I love watching the Olympics, and I love rooting for my country. I always want Americans to win the most gold medals.
And yet I can't help but think that wanting an Olympic gold is a foolish goal. Preparing for it is excellent, of course. Making it to the Olympics and trying your best to win is spectacular. But there are those athletes that just don't seem to be pleased with themselves unless they win a gold medal. Neither silver nor bronze is good enough.
Now, I don't know what it's like to be a professional athlete, and I don't know what it's like to spend most of my waking hours training each muscle in my body to do what I tell it to. The physical, emotional, and mental demands on an athlete's life must be grueling. Perhaps the only consolation for a life devoted to sport is to win an Olympic gold.
Would I be a bad parent, though, if I told my future children that no matter how hard they train, there might be someone better? That there might be someone with a faster time, a younger body, or higher endurance? Do I tell them that silver is good enough? That it's essentially as good as gold (because it truly is, in my book)?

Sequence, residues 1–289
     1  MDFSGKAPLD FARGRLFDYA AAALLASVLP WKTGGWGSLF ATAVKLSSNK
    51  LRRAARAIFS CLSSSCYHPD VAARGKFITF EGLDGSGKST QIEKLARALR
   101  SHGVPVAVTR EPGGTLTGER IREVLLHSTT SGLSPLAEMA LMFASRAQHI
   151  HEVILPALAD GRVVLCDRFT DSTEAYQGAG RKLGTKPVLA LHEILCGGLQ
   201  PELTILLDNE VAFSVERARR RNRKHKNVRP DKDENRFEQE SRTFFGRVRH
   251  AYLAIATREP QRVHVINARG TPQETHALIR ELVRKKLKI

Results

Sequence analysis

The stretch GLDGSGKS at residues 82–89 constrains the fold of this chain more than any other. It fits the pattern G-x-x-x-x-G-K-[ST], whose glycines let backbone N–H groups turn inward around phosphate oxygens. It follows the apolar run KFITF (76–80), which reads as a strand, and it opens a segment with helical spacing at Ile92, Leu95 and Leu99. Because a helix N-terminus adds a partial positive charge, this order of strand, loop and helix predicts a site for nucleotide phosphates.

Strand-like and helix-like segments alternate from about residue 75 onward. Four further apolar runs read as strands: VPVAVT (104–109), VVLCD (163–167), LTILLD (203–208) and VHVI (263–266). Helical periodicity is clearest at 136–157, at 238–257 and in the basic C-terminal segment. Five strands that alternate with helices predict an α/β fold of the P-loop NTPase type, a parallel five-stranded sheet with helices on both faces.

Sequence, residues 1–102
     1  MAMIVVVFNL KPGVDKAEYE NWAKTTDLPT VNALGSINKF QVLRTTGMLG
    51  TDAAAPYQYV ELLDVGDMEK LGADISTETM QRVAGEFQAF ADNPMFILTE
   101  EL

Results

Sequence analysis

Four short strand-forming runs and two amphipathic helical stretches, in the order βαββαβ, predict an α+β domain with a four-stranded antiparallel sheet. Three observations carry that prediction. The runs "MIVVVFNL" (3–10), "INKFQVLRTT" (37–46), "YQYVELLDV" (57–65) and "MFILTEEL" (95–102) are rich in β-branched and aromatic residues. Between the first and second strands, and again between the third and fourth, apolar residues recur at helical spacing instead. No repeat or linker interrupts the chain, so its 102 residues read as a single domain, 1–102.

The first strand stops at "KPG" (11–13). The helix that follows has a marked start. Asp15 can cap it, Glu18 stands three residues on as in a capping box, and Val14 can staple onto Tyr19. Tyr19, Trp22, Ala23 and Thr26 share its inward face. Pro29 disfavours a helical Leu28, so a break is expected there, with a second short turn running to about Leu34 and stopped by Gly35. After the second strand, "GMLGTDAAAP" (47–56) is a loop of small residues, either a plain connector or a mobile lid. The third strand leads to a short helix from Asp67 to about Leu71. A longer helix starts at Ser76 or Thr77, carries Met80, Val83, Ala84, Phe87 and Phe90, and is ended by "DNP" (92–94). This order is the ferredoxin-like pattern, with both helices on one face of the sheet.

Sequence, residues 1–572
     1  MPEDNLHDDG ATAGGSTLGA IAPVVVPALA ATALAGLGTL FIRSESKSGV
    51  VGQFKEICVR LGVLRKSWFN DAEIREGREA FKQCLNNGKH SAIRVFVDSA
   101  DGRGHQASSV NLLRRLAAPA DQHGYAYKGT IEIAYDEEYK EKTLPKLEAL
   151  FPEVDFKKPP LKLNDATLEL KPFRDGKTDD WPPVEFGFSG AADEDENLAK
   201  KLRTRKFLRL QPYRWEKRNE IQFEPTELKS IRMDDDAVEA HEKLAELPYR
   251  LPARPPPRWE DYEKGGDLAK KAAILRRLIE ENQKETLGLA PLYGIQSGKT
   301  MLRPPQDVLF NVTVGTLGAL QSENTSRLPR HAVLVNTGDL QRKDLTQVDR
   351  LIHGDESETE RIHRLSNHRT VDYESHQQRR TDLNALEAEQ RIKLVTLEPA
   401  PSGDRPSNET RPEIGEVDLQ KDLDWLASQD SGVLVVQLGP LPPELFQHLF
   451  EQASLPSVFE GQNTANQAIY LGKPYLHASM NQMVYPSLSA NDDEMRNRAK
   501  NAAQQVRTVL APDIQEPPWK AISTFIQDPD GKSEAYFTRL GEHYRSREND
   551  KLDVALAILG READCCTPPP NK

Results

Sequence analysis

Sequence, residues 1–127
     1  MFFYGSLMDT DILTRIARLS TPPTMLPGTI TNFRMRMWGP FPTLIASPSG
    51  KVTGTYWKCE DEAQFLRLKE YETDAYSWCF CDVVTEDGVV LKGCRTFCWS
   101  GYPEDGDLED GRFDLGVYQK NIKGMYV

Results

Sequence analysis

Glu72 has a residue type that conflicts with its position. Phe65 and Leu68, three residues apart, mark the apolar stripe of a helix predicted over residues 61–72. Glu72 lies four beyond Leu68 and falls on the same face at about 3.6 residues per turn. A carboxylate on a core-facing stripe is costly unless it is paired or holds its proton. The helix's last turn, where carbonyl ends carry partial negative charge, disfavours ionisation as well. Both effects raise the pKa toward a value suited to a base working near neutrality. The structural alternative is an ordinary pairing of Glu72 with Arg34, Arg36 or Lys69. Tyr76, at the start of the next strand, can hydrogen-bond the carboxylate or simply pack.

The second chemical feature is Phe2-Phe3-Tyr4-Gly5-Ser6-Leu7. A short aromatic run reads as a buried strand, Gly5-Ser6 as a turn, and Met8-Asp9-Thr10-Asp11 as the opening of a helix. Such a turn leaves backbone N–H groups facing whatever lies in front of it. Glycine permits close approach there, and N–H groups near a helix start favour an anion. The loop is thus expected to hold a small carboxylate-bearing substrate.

I think it's extremely harmful to think that you can be the absolute best at something. What happens to your worldview, if you find out that you're not, in fact, the best? We might all be the best at what we do, but maybe we're all the best at alternating moments. If that's the case, then an athlete—or anyone else—shouldn't be so hard on themselves, if they aren't number one at a given moment in time.
But how do you teach that to a child without crushing his or her hopes and dreams? How do you teach that without causing them to think that something's not worth trying?
Thing I'm thankful for: a bed to sleep in and a place to keep my things.